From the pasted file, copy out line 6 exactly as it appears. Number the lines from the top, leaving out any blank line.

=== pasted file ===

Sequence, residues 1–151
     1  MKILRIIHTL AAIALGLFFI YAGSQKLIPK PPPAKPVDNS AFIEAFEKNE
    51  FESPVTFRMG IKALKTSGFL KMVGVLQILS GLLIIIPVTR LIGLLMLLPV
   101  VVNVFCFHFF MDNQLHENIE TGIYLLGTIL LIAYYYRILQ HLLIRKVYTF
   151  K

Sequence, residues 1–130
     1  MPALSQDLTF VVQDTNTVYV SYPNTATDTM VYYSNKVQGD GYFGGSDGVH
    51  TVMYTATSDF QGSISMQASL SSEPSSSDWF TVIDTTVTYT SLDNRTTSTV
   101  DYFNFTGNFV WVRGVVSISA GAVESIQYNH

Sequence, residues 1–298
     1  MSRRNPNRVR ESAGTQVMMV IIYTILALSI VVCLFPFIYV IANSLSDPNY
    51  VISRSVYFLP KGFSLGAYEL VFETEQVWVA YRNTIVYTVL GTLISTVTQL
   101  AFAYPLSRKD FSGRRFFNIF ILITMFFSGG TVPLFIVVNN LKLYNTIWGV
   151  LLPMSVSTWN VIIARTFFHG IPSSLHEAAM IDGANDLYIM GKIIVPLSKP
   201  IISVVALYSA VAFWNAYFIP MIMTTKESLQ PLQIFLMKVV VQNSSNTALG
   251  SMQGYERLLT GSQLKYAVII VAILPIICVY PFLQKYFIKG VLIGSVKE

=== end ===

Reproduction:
Sequence, residues 1–130